Another fact that the larvae have to be careful about is the size of the spider to board. For a successful future they must choose a large spider, so that they do not fall within the size of the spiders prey or become a meal for the spider or spiderlings.
Occasionally after boarding a spider, the mantispids may enter into its book lung (breathing organ) and feed on the haemolymph. More often than not, they simply travel with the spider and wait for it to lay eggs. In case they have boarded a male, they transfer themselves to the female during mating and wait for eggs to be laid. In some bizarre cases, they also board the female when it is cannibalizing the male. A single egg may be penetrated by more than one larva. In such cases, the principle of survival of the fittest operates. The mandibles and maxillae of this first instar fit together to form a piercing/sucking tube that is used to feed.
The larvae moult twice. The second and third instar lose some of the structures. They have reduced legs as they no longer need to be mobile. The simple, single-lens eyes, referred to as stemmata present in the first instar, are also lost as there is no role for vision in the rest of the development. The final instar in fact looks more like a beetle grub. As pupation begins, it produces silk to spin the cocoon.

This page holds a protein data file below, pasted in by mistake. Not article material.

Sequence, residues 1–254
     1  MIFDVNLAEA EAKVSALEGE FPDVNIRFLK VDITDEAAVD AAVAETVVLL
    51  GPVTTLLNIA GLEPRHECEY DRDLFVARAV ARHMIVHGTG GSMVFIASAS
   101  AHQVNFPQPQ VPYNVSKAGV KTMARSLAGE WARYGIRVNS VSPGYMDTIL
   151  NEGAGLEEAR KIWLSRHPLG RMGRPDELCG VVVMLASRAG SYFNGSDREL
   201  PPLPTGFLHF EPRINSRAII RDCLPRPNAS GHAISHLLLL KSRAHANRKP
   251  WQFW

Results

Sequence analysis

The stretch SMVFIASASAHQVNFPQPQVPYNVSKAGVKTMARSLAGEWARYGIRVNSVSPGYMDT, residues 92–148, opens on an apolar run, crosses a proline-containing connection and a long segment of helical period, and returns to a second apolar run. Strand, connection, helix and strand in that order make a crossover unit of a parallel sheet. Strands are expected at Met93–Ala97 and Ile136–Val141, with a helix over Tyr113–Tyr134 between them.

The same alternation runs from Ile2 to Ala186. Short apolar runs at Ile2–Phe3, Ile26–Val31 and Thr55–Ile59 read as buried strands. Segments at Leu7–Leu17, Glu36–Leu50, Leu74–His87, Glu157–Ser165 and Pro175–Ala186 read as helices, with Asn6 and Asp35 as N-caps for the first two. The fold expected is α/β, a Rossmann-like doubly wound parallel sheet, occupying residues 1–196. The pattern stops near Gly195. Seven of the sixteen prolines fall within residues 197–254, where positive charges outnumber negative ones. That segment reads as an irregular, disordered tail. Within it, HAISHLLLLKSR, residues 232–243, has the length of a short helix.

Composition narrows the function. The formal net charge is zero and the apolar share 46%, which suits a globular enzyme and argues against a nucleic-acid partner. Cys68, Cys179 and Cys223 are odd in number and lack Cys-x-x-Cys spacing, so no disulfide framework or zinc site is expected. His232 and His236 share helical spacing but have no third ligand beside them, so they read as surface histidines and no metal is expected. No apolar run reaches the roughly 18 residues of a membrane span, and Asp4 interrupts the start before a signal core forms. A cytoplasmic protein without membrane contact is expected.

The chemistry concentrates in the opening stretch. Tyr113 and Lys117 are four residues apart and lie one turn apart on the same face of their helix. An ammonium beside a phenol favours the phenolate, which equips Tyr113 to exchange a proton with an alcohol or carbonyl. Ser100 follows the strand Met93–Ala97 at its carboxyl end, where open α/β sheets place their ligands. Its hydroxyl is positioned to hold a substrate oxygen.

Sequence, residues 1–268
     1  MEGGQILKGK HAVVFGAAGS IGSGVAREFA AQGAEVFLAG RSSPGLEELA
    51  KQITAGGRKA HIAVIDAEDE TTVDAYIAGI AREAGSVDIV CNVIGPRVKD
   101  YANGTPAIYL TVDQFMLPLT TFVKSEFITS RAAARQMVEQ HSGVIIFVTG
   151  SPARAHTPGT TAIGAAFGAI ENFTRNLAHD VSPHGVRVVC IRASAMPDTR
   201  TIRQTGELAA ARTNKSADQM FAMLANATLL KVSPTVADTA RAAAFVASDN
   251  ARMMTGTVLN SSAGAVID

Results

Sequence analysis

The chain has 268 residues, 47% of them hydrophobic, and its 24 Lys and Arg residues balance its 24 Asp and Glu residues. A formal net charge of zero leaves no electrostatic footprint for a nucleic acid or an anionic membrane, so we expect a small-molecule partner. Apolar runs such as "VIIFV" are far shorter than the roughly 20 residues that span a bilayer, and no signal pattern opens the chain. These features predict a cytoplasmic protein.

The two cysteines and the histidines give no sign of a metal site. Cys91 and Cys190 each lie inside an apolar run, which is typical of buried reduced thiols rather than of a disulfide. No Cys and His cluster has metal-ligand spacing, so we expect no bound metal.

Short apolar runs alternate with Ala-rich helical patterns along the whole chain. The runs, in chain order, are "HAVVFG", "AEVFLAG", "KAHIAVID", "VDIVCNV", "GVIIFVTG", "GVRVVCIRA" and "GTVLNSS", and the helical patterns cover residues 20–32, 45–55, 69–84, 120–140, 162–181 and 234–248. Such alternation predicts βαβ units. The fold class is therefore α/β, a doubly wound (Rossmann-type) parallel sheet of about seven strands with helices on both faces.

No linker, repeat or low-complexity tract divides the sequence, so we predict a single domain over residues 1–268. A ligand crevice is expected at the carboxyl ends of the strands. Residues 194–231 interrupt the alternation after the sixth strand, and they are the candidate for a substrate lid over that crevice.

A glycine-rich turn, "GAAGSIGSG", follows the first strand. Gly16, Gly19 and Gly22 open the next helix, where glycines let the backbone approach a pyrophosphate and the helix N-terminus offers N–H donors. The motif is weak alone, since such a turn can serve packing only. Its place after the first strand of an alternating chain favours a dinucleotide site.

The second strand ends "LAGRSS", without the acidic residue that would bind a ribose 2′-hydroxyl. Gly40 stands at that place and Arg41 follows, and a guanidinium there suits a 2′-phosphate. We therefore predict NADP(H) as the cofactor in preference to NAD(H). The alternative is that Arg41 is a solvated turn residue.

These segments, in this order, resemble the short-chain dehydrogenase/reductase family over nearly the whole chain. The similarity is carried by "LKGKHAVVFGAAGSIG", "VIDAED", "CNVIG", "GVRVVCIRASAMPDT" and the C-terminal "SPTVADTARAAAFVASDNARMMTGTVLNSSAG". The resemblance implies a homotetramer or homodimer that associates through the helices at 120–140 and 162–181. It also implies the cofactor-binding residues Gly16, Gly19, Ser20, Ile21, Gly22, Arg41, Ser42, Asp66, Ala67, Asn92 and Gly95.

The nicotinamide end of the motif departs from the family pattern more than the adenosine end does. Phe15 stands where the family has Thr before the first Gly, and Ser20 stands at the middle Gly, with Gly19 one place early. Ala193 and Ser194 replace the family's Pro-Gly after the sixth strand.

Pupation occurs within the spider eggs. In a series of experiments done in the laboratory with Mantispa uhleri, scientists found a correlation between the size of the adult mantispid and the number of spider eggs consumed. A minimum of thirty spider eggs were found to be necessary for the whole process to be successful.
The larvae of mantispids exhibit high levels of specificity while choosing a suitable host. Members of families, not yet discovered from India, or studied in detail elsewhere, exhibit equally remarkable life histories. Larvae of the beaded lacewings, yet to be discovered from India, are voracious feeders of termites. Very little is known about the larvae of thorny lacewings that are found in the sub-Saharan regions of Africa. Symphrasinae larvae are known parasites of certain wasps; they feed on eggs, larvae and pupae of wasps. Some even mimic their hosts to avoid predation. While The larvae of Symphasinae are found associated mostly with larvae of Hymenoptera (including bees, and ants also) a few have been found, to a lesser extent, from larvae of Lepidoptera (butterflies and moths), Coleoptera (beetles) and a few Diptera (flies).